The US Environmental Protection Agency (EPA) has updated air pollution standards to further control toxic air emissions from petroleum refineries. The rule requires first-of-its-kind fenceline monitoring to better protect and inform nearby communities, while also strengthening emission controls for flares, pressure relief devices, storage tanks, and delayed coker operations that will reduce thousands of tons of hazardous air pollutants.
When fully implemented, the rule will result in a reduction of 5,200 tons per year of toxic air pollutants, and 50,000 tons per year of volatile organic compounds (VOCs). Also, as a co-benefit of these final standards, EPA projects that these standards will eliminate emissions of greenhouse gases equivalent to approximately 660,000 tons per year of CO2.
The EPA estimates the capital cost of this final rule to be approximately $283 million, with an annualized cost of approximately $63 million. The EPA estimates that these final standards will have a negligible impact on the costs of petroleum products.
The action requires continuous monitoring of benzene concentrations at the fenceline of refinery facilities to ensure that refineries appropriately manage toxic emissions. The rule requires corrective action to protect neighboring communities from being exposed to harmful levels of emissions if the established standard level is exceeded. The new fenceline monitors must encircle the facility to detect benzene at very low levels, and the monitoring data will be posted on EPA’s website. In addition, in response to public feedback, the rule provides room for alternative monitoring methods in the future as technology advances.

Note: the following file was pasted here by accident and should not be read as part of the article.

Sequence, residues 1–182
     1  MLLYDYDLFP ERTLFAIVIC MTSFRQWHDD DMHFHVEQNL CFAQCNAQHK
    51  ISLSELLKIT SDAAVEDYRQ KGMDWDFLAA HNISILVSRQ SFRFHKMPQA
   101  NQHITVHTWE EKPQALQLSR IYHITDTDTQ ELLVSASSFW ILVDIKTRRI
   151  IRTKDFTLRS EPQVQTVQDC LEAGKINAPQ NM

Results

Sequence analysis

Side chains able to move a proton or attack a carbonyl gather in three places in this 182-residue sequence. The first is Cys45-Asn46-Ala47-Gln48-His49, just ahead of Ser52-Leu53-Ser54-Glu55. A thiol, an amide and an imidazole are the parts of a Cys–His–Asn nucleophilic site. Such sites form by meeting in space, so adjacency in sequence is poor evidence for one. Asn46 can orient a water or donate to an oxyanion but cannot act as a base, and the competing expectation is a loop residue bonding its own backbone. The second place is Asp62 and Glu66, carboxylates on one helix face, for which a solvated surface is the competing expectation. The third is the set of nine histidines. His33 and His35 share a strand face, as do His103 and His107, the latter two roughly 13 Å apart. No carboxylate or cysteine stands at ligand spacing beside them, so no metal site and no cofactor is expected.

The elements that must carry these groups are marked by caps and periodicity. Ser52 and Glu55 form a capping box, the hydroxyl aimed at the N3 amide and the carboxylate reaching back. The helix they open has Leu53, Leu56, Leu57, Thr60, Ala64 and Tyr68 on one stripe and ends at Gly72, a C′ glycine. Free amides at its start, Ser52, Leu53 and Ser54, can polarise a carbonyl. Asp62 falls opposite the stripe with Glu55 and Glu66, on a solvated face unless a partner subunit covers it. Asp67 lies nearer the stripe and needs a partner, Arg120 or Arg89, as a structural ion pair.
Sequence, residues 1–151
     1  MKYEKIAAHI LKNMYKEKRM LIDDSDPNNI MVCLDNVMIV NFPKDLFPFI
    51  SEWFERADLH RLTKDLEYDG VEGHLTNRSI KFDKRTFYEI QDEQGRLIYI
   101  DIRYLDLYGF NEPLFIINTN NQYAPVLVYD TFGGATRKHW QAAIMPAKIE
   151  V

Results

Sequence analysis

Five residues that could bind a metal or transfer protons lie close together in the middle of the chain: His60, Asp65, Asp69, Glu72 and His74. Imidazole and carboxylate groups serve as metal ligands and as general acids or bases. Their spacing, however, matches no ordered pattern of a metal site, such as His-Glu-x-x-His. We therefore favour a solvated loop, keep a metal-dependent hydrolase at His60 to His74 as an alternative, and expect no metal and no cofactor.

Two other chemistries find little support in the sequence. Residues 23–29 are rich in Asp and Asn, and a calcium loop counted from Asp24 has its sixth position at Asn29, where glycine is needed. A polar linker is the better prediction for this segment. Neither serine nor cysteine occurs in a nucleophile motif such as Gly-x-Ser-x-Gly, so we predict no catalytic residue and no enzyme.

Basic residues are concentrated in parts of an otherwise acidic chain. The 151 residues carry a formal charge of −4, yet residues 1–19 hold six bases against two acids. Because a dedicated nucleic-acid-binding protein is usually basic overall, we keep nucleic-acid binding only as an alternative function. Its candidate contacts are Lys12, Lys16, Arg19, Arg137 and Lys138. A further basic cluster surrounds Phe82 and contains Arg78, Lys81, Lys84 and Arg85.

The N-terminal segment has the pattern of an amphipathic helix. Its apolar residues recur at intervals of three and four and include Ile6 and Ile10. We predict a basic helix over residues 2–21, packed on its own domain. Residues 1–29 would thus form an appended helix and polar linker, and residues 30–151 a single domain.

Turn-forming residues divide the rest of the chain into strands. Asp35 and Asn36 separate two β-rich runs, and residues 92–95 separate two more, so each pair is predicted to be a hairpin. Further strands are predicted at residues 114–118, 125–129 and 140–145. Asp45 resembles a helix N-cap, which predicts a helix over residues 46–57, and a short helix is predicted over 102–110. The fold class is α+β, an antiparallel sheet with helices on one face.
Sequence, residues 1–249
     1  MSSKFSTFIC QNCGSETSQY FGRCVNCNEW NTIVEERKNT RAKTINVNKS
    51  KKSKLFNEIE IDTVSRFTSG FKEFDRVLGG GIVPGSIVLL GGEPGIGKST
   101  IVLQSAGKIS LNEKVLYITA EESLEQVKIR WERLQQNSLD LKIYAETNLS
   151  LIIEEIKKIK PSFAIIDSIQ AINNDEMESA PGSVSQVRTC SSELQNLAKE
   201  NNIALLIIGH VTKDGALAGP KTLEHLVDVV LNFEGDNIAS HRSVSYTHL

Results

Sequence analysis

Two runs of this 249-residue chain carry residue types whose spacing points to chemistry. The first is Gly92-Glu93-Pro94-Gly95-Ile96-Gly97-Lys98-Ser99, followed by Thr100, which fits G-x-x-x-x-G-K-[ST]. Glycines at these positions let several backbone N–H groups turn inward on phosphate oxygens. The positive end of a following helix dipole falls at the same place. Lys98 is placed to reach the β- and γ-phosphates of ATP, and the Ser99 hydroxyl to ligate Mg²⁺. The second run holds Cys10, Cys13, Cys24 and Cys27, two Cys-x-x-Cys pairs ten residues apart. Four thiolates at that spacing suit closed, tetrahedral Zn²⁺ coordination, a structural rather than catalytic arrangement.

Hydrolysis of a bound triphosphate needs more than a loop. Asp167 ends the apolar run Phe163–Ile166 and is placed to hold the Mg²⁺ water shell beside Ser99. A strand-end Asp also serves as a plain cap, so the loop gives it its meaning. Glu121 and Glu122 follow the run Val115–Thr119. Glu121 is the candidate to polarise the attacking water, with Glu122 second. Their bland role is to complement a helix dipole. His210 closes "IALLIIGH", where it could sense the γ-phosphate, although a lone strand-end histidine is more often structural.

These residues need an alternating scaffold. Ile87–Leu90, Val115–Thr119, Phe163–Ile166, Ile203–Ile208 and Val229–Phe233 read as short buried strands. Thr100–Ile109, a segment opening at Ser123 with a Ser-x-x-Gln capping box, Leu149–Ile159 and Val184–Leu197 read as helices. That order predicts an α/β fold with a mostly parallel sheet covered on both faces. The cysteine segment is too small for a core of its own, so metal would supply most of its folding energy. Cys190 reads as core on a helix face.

Other specific requirements in this rule will virtually eliminate visible flare emissions and releases by pressure release devices by requiring a comprehensive program of process changes and pollution prevention measures for these emission sources. It will also require additional emission reductions from storage tanks and delayed coking units, some of which had no previous required controls.
This final rule is based on the risk and technology review of two emissions standards already in place at refineries: the National Emission Standards for Hazardous Air Pollutants From Petroleum Refineries (Refinery MACT 1) and the National Emission Standards for Hazardous Air Pollutants for Petroleum Refineries: Catalytic Cracking Units, Catalytic Reforming Units, and Sulfur Recovery Units (Refinery MACT 2).
This rulemaking was informed by a Petroleum Refinery Risk and Technology Review (RTR). During this scientific and technical review, EPA also engaged with key communities in the two years prior to proposing a regulation in 2014.